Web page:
It’s pretty common for sommeliers and even Masters of Wine to try their hand at winemaking. The results have been, ahem, varied to say the least. But if you try enough of them, you will eventually run across someone who ‘gets it’. In this particular case, master Sommelier Chris Miller, and the winery he founded called Seabold Cellars, were sent our way by a sommelier friend here in the OC who thought we should check these out.
Miller established Seabold in 2014 with the focus on producing small lot site-specific Burgundian and Rhône varietals from the Monterey Bay region. He believes that cooler is better for certain varietals and such vineyards produce balanced wines that showcase their origin more than their winemaking. Miller learned winemaking working with the folks at Gramercy Cellars, Brewer-Clifton and Melville.
The Seabold wines impressed as they were both tender and lifted, and each one showed a few nuances that were definitely site specific. They were very pleasing examples of cool climate juice that showcased the style yet were tender enough and possessed enough flesh to be engaging in the glass rather than, as so many are, more ‘intellectually challenging’ then enjoyable. Had we not already had quite a selection of serious wines in the $40-50 range, we certainly would have bit on these. We still might. But we couldn’t pass up the Bold wines which were superior stylistically and well priced given the juice.
The concept of Bold was rather unique. First one must understand that, while a lot of people say the same thing, these guys really are about the dirt. Part of their ‘mission statement’ is “…During the year, more time is spent in vineyards than the winery. Our winemaking is as hands-off as possible, respecting traditional techniques and practices without being beholden to them.” It shows in the wines.
Where Bold diverts from the typical ‘second line’ scenario is quite specific. The Bold wines are not made from the leftovers of the Seabold wines, but rather are ‘first run’ efforts with vineyards the winery has not worked with before. They like to get really comfortable with the vineyard before they slap a Seabold label on a wine with that designation, and Bold is part of that “getting to know you” process.
No one we know thinks of the Arroyo Seco area as a hotbed for Sauvignon Blanc. But maybe that’s because they haven’t been looking in the right place. Miller found Zabala Vineyards in one of the warmest subsections of this narrow west-facing valley shielded by the Santa Lucia Mountains. Planted in 1972, it is one of Monterey County’s oldest vineyards with soils of sandy loam covered with round riverbed stones. The vineyard is family-owned, impeccably cared-for, and certified organic.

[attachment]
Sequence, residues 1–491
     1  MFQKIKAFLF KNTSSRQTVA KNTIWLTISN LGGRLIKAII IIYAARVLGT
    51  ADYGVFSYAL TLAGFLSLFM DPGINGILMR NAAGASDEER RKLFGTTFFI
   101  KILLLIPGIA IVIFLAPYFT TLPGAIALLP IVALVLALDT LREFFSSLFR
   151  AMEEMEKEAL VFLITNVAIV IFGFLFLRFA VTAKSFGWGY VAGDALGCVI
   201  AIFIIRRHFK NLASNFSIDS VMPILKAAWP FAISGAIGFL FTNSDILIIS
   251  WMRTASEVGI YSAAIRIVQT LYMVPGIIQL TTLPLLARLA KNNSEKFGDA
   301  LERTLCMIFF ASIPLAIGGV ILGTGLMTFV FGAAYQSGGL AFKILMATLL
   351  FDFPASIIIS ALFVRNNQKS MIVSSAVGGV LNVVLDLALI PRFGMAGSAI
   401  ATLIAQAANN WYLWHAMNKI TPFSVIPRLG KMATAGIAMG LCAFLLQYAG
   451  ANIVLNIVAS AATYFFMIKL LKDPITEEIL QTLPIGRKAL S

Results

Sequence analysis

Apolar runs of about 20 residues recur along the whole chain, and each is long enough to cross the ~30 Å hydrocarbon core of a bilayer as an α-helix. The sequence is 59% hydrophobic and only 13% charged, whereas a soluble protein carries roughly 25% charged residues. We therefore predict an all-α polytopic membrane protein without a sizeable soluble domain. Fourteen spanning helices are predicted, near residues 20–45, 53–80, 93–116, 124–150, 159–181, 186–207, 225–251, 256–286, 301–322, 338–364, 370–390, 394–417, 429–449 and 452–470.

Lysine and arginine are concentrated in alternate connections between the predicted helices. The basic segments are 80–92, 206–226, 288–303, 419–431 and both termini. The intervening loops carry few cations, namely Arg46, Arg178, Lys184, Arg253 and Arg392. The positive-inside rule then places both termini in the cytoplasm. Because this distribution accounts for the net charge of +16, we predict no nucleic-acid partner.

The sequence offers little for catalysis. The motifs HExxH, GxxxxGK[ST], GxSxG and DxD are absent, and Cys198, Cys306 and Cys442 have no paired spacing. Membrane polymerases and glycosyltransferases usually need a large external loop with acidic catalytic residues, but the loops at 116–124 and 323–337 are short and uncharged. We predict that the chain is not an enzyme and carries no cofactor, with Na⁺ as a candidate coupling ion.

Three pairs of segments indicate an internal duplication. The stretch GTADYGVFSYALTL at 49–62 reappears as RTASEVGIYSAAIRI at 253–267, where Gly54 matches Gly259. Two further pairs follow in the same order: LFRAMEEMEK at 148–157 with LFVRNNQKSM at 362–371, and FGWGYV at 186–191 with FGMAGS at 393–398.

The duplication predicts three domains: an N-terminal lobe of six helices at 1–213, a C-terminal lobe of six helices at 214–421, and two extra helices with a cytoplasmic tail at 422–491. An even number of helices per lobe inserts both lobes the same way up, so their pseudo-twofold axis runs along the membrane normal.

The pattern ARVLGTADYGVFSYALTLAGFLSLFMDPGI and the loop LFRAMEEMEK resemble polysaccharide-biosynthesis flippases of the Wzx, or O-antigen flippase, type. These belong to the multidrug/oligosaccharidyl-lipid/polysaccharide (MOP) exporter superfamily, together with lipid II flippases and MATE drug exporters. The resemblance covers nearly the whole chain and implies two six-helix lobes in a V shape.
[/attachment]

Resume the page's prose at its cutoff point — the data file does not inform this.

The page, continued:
The Bold Wine Co. Sauvignon Blanc Monterey 2018 itself is an intriguing expression of the varietal. There is plenty of richness in the herb-laced grapefruit, melon and pear fruit, plenty of freshness while the acids are not overly aggressive, and a remarkable sense of harmony. It lacks the edgy bite that a lot of California Sauvignons possess and rather presents a rounder yet still lifted presentation of the varietal. For under $20, it is an excellent choice and given the production (a mere 268 cases of wine) we’d consider this pretty much ‘insider trading’.
The same holds true for the Bold Wine Co. Pinot Noir Monterey 2017. The story here seems typical of this producer, and focuses on the Balestra Vineyard which lies just north of the Santa Lucia Highlands AVA, on a very cold climate benchland property owned and farmed by a multi-generational family of farmers. Because it is closer to the valley to the sea, the wines from the property always show a certain bright, fruit-forward character which is often balanced out by a judicious inclusion of whole clusters during fermentation.
There’s a lovely texture here and a dusty, musky presentation of dark cherry and ripe cranberry fruit kissed with a little bit of woodsiness and some elements of spice. For a generally savory Pinot, the edges are rounded and engaging and the wine has both flesh and lift to create a very pleasing experience in the glasss. The terroir nuances rise above anything you can typically buy at this kind ofrprcie. We think the ‘Bold’ wines present a pretty exciting option in a price range like this and there is legitimate excitement as to whether Miller has do with these in the purchases moving forwards. They are certainly off to an impressive start given what we see here. With only a few hundred cases this isn’t going to be a game changer for the market as a whole. But it will certainly prove shrewd value ‘harvest’ for those that move quickly.